Suicide in academia: High expectations and shame

Feature Article

Written by:

All Desi parents want their children to do well in school. But while they might admit it or not, many of their reasons are unhealthy. And even with the best intentions, their pressure to do well in school pushes many of their kids to the point of no return.

Is the cost of life worth it?

Parents believe that their kids are an extension of themselves. So poor academic performance is both an embarrassment and does not give them anything to brag about. Another reason parents push their children to excel is because they believe the kids will eventually have a better quality of life than the current one. They claim that after school ends there will be financial gains. Which in turn obviously means better quality of life.

Besides the counseling that  the students obviously need. Parents who put pressure on their children to excel at all cost need counseling too. Your children aren’t a vessel for you to live out your unfulfilled dreams!

But while setting audacious life goals, do we ask the students how this pressure affects them? How they are handling it emotionally and mentally? If they are making too many sacrifices at the cost of poor health?

We don’t. Or else the suicide rate among the Asian youth wouldn’t be as high as they are.

The National Institute of Mental Health and Neurosciences (Nimhans) conducted a study on the growing number of suicides in India among school and college-going students. The study revealed that about 11 percent of college students and about 7 to 8 percent of high school students have attempted suicide. The survey comprised 1,500 school and college students.

In an earlier study, it was found that 20 percent of the children had subclinical depression (meaning they are almost depressed) and about 30 percent had mild to moderate depression. Here, about 800 students took part in the survey. [MOI]

Sure, there are a combination of factors that cause these youths to attempt suicide. But nothing compares to the chronic stress that is caused by the responsibilities of school.

Almost 40 percent of parents say their high-schooler is experiencing a lot of stress from school, according to a new NPR poll conducted with the Robert Wood Johnson Foundation and the Harvard School of Public Health. In most cases, that stress is from academics, not social issues or bullying, the poll found.

Homework was a leading cause of stress, with 24 percent of parents saying it’s an issue. [NPR]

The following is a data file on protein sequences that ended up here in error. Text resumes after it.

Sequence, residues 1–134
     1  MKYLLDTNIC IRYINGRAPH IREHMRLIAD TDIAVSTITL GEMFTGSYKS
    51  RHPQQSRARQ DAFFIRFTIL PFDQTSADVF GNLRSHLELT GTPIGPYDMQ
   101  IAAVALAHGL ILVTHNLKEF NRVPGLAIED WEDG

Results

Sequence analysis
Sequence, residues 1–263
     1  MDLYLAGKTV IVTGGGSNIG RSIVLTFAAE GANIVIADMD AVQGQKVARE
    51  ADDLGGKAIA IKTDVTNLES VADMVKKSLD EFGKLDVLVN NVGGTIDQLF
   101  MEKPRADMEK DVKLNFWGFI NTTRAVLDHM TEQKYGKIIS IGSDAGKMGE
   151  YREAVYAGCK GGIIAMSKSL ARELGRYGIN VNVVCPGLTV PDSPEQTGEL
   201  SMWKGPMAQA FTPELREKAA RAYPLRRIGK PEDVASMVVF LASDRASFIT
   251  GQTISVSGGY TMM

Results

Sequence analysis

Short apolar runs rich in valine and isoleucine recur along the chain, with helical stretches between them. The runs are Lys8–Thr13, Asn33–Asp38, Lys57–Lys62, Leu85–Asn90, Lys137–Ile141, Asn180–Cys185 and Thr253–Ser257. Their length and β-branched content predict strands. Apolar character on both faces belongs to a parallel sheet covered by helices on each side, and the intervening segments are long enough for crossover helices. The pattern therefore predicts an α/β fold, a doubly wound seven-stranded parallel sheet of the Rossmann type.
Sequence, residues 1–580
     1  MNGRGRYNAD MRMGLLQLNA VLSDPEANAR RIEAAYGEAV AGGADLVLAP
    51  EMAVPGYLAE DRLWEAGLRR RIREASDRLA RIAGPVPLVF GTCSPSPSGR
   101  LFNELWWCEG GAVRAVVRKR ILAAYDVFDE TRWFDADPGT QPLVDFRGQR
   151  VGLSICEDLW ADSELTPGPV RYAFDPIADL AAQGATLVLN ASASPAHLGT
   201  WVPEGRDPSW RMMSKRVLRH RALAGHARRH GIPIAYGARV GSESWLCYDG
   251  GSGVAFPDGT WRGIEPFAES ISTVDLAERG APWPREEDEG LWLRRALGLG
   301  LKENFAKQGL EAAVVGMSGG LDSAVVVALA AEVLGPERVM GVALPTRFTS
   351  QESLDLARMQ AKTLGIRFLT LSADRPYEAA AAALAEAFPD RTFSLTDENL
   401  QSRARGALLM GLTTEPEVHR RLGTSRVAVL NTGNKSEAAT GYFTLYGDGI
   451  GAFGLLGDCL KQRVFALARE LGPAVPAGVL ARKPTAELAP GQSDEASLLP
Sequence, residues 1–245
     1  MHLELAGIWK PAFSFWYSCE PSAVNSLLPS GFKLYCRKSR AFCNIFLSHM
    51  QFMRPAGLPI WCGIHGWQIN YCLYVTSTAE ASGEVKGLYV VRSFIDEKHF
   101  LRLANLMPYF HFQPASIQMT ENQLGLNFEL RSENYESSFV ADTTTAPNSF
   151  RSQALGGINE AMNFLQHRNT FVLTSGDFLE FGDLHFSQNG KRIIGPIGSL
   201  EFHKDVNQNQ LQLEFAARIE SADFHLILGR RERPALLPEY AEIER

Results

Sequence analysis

If parents are admitting homework is an issue, then we must dive deeper into other concerns that they aren’t aware of. Besides homework students have the pressure of:

  • standardized testsIndian students
  • multitasking
  • sleep deprivation
  • exams/ group projects / quizzes
  • extracurricular activities (clubs and sports)
  • social pressures (bullying, relationships, peer pressure)
  • college preparation
  • grades / GPA / rankings
  • and of course, parents expectations

We are expecting someone between the age of 5 and 20 to juggle more responsibilities than a 50-year-old would have to. While not realizing that their brain is still developing as are their emotional tools.

Besides the counseling that  the students obviously need. Parents who put pressure on their children to excel at all cost need counseling too. Your children aren’t a vessel for you to live out your unfulfilled dreams!

Fortunately their is light at the end of the tunnel. The suicide rate among students is so high that it has caused both parents and school personnel to intervene.

Some students also are taking classes intended to help ease their anxiety. Sadhana Panuganti, the parent of a middle school student and a Naperville North graduate, teaches a meditation class for youth on Mondays at the Alive Community Center in Naperville.

Panuganti, who is affiliated with the Heartfulness Institute, said teens are facing stress from social pressures, as well as expectations from parents and teachers.

“Sometimes it can be overwhelming,” she said.

Meditation gives youth the tools to empower them to fight the “flight” response that is triggered when students experience stress. She said by calming them down, students can see the situation from a different perspective.

“We teach them to cope with all their feelings,” Panuganti said.

Academic institutions and parents are working together to help students balance responsibilities and their mental well being. These include:

  • starting school a little later so the Young student in classstudents are not sleep deprived
  • cutting down on homework
  • limiting access to view grades digitally
  • counseling
  • helping with time management
  • encouraging meditation
  • encouraging taking breaks
  • mentoring from upperclassmen

Understandably, the real world is competitive and you have to put in extra effort to succeed. But not being at the top is not failure. And the sacrifices paid  to get to the top cannot be students’ mental health or their life.

If you’re a parent or anyone that sees a young person struggling with the demands of academia, hopefully you offer to help any way you can. Or at the very least, listen to them vent. Just knowing that someone cares and will listen helps these young students know that they are not alone.

Leave a Reply

Your email address will not be published. Required fields are marked *